There is a dilemma for the Christian. A battle, if you will. If revelation is true and science is accurate then we need a system to make sense of the situation. If revelation is false then the problem is ours and such so-called revelation deserves to be rejected. Alternatively if any particular science is either tainted or false then it deserves the same ends.
There is often a third way to resolve the problem. We may have a hermeneutic which needs to be corrected. As a simple example, I Kings 7:23 and the discussion of the value of pi has forced us to correct how we read. Shall we take this language plainly or shall we see other things in it and so correct what appears to be a mathematical error. Likewise if scientific inquiry is distorted by assumptions and presupposition we do well to challenge these. So Hurst goes further in his instruction:
We must not charge the errors of scientific skeptics to the department of inquiry in which they labor. The perversions and errors of science, and not science itself, are at enmity with revelation. Mr. Darwin’s theory of development seems to be in outright opposition to the Scriptural account of the animal creation. But there is no occasion of alarm at what he has said, for neither he nor all who think with him can invalidate the truths of Scripture. We should despise no theory that aims at our better comprehension of great truths; for the day will come when science, in its mature glory and strength, shall cast its human lustre on all the pages of divine truth.
The problem is not the science. The problem is in the mind behind the science. It is against that which we build our apologetic.
How we react is as important as the material we bring to the table. Hurst noted how hostility always creates allies for the “victim” of the attack.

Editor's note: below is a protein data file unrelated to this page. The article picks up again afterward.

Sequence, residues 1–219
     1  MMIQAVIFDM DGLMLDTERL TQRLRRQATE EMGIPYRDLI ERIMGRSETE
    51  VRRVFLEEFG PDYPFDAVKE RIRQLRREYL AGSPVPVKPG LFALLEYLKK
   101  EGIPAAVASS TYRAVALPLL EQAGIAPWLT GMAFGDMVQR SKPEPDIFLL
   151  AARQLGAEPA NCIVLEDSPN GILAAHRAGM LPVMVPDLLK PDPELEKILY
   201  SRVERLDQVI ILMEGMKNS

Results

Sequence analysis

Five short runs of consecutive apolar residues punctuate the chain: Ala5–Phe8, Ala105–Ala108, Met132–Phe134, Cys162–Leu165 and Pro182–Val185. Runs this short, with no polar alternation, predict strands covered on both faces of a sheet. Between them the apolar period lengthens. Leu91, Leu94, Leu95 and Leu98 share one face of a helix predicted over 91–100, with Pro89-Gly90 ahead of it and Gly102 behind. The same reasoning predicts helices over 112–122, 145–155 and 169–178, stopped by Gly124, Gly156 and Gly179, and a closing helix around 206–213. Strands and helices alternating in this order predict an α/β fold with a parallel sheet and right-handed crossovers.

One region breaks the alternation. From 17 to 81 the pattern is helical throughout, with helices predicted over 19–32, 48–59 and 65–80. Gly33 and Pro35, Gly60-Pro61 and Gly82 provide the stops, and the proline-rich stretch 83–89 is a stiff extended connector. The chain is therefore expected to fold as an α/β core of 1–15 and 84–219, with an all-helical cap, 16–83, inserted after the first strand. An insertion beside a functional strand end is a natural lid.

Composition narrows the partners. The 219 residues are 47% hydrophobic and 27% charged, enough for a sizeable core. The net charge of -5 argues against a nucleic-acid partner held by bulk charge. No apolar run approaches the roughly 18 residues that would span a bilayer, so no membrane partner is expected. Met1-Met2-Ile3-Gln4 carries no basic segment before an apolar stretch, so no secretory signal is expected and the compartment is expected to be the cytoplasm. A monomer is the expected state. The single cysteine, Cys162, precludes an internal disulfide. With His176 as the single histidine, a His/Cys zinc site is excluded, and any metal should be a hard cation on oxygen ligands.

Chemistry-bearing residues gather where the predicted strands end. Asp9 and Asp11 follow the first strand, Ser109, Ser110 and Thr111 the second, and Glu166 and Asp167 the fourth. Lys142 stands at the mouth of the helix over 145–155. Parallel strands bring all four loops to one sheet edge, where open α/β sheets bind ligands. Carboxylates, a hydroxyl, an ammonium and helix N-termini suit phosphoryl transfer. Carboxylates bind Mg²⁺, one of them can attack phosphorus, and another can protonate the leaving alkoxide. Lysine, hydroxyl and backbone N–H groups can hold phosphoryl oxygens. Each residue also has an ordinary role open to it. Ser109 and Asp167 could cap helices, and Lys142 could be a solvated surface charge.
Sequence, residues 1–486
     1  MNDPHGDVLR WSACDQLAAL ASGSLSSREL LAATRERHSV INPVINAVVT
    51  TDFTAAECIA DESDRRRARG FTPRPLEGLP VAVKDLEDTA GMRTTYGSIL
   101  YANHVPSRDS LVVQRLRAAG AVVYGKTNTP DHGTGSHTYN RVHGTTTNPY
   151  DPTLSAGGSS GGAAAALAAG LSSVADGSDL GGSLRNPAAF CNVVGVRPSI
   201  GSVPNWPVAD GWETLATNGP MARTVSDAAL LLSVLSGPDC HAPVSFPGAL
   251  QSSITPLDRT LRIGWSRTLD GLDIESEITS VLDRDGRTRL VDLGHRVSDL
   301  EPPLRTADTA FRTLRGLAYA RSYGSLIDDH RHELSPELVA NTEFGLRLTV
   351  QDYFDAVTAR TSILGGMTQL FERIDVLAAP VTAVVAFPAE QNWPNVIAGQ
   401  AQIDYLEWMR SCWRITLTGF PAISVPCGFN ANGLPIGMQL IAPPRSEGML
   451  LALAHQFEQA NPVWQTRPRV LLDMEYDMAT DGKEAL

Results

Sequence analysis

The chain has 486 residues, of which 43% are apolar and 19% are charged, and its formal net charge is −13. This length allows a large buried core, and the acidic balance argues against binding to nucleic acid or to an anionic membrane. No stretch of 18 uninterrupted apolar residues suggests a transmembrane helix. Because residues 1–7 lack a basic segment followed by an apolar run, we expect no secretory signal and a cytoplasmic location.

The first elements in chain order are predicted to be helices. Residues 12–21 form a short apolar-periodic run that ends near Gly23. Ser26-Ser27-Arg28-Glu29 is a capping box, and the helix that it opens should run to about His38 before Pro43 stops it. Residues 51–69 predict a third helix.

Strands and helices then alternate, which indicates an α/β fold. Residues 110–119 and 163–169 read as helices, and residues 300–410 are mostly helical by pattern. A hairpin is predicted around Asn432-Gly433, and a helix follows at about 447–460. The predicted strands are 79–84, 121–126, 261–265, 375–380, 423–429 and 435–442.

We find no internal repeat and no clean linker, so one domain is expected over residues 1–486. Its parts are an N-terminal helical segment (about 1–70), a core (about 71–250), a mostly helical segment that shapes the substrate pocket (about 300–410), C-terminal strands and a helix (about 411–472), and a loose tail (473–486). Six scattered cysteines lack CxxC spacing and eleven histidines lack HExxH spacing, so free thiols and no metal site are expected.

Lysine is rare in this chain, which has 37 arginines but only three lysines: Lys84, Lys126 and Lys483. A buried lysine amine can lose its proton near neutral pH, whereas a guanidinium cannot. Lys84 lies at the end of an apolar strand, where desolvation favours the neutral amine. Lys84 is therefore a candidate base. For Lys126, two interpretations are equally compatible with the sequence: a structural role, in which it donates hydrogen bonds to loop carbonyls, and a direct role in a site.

The true way to meet the writings of skeptics in the Church is by calm replies to their charges, and by immediate ecclesiastical discipline. Every word or act that savors of tyranny or undue exaction creates friends for them, and when for them, for their opinions also. Mere general remarks in reply to their attacks will accomplish nothing. Little advantage would be gained if every preacher in Great Britain and America were only to say, “Bishop Colenso is in error.” But it will be a public benefit if he be treated with personal kindness of expression as a brother-man, his arguments examined, and their obnoxious fallacy proved. The Church should deal toward the foes of her own household with the greatest possible caution, else the reaction will be of lasting evil.
If this scenario sounds familiar, it is a tactic used frequently to promote an idea. Hostile opponents to an issue seem to be in the news more often than the sensible opponents. This builds a certain acceptance for the victim. We will do well to have our tone shaped by something other than rashness and hostility. These may have their place but do not provide us a sound apologetic in the eyes and ears of an audience.
What shall we do? If we continue to send our children to public school then we can expect no less than that they are taught this false dilemma. The home is the resolution, either by discussing these things or, in addition and not otherwise, providing an alternative educational venue.
Secondly, write and teach. Enter education and the academy and help correct bad history. Lest the myths be propagated for a few more centuries.
 Cavanaugh, William, The Myth of Religious Violence, Oxford University Press, 2009, p. 58
 Ibid, p. 51
 Ibid, p. 112
 Hurst, John Fletcher, History of Rationalism Embracing A Survey Of The Present State Of Protestant Theology, 1867, Charles Scribner & Co (NY), p. 8-9
 Ibid, p. 586
 Ibid p. 587-588